The Grapes Of Wrath By John Steinbeck

1033 Words Feb 26th, 2015 5 Pages
Ashlyn Wieczorek
Mrs. Benz
AP English Language and Composition
February, 6 2015 Socialism In John Steinbeck’s The Grapes of Wrath, he used many clashes of tradition to imply socialism as the cure to California’s economic mess in the 1930s. Socialism started early in Europe and several experiments of it were done in America. To anyone who knows history at all, it always seems to repeat itself, and this philosophy of government style has always failed. Socialism tries to hide behind the concept of "fairness” to suck the blood and freedom from people.
Tom Joad displays his first clash of tradition was he is hiding in the cotton fields. Tom clearly states to Ma that he hates how people are being treated there and does not like what he sees.
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Girls he had just baptized in fact. This ends his realization that spiritual life has nothing to do with Jesus. "Philosophy that a variety of ethical theory and practice that emphasizes reason, scientific inquiry, and human fulfillment in the natural world and often rejects the importance of belief in god." (dictionary.com). Near the end of the novel, Casy is killed, and he is clearly presented as a christ figure. He even paraphrases Christ’s last words at the time of his death, and coincidentally his initials are J.C. It seems as if his death persuaded Tom Joad to believe in Jim Casy’s fake religion and mentality. He acted as a teacher for the whole Joad family getting them to protect the poor by standing up for justice and peace.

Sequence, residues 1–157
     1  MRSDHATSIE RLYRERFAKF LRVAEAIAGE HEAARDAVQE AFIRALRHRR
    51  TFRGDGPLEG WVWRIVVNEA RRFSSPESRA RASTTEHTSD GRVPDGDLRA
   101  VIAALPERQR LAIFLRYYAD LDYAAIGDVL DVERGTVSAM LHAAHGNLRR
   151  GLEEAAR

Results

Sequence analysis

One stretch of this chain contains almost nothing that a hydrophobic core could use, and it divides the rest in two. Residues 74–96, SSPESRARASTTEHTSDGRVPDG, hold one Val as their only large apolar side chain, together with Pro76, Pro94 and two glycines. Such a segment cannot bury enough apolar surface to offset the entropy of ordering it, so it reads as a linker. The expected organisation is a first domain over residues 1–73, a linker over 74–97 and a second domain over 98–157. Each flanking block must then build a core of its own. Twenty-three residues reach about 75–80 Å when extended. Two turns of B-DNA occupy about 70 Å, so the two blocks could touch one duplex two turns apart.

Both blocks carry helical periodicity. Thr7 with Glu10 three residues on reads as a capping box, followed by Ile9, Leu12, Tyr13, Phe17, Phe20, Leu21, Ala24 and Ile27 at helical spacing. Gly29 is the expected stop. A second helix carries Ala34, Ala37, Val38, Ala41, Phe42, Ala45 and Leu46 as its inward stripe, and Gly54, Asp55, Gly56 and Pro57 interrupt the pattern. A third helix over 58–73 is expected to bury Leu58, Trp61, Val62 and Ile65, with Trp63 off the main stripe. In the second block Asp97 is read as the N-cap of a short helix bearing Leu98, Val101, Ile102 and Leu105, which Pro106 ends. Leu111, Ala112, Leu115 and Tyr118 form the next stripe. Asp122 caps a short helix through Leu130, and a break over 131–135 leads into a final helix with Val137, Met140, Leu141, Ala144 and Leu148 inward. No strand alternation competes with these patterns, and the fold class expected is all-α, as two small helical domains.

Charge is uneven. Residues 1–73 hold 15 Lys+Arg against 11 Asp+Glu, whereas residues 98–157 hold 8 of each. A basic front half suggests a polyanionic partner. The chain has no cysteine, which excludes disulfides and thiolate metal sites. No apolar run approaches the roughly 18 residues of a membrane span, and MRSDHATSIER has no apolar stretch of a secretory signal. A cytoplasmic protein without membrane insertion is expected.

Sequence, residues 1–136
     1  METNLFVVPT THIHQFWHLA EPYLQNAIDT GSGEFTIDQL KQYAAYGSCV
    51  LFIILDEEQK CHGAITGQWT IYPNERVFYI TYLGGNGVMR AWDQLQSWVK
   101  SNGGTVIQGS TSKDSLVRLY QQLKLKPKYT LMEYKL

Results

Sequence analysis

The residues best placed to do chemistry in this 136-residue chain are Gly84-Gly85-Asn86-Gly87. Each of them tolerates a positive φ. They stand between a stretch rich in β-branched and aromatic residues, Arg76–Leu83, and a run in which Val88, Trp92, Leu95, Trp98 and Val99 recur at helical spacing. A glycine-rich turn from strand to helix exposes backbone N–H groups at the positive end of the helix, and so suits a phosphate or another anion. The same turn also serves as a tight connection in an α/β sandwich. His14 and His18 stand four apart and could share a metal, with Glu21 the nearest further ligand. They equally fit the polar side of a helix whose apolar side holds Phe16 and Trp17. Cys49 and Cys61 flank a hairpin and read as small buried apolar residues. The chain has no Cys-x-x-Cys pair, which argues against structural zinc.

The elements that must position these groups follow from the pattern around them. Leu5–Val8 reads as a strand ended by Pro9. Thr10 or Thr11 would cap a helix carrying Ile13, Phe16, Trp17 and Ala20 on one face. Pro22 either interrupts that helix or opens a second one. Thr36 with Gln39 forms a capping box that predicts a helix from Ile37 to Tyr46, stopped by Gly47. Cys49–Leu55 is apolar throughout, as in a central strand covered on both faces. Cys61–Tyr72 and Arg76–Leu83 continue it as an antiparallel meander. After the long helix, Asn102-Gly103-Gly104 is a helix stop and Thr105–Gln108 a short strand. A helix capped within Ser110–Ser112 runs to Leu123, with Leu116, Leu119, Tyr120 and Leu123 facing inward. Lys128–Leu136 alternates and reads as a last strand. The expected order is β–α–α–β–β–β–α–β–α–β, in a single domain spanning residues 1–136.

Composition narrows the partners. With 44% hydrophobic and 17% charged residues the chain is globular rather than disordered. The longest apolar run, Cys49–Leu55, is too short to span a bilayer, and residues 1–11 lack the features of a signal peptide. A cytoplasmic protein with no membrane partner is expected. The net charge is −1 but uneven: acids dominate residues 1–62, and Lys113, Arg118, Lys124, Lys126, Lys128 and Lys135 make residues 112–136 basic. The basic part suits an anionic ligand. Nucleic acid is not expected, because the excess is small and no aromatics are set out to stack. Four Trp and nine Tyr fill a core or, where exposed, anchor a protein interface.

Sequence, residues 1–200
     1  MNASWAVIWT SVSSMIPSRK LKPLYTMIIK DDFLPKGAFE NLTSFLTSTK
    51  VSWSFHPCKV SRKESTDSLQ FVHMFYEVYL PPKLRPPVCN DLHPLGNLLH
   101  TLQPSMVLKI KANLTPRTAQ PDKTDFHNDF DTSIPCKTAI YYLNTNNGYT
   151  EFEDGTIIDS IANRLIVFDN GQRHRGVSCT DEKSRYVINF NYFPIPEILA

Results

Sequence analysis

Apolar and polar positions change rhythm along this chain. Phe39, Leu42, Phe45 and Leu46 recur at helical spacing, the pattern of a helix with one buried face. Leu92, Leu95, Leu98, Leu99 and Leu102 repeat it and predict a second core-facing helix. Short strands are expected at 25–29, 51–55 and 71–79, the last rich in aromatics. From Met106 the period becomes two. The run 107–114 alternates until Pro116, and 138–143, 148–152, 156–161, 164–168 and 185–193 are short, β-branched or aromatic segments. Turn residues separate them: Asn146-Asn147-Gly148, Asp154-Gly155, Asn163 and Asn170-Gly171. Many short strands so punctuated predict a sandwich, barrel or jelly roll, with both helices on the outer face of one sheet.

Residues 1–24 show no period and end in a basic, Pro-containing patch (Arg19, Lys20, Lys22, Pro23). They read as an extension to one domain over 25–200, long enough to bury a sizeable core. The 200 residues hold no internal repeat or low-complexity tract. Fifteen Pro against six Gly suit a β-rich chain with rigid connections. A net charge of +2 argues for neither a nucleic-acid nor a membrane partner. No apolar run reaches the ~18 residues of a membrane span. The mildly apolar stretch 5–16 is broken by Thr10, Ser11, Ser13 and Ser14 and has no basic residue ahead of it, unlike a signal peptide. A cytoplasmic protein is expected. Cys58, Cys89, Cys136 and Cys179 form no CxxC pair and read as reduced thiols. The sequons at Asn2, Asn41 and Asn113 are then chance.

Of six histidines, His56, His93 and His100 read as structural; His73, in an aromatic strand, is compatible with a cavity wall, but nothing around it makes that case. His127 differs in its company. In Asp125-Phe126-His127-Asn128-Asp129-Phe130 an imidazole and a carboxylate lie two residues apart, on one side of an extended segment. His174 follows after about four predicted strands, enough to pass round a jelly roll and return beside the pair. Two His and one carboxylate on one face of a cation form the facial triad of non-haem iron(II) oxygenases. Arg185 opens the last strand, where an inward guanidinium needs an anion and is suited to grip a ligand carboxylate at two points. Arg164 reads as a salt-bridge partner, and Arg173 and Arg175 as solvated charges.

Steinbeck makes yet again another clash against some aspects of capitalism, where the so-called "goodness of the heart" is almost never the catalyst for success in life. After they cannot settle down in Weedpatch they move to the Hooper Ranch where they are trapped in wage slavery. In capitalism, a person 's economic success is from his own hard-work, prosperity, and determination. Under socialism, no hard work is necessary. Because, under this type of government, a person 's rights to success and happiness are not determined by any of the above ideals, but by the simple fact that you are an equal working man along with everyone else. It is said to be justified through the unity of all people as one working class.
After the
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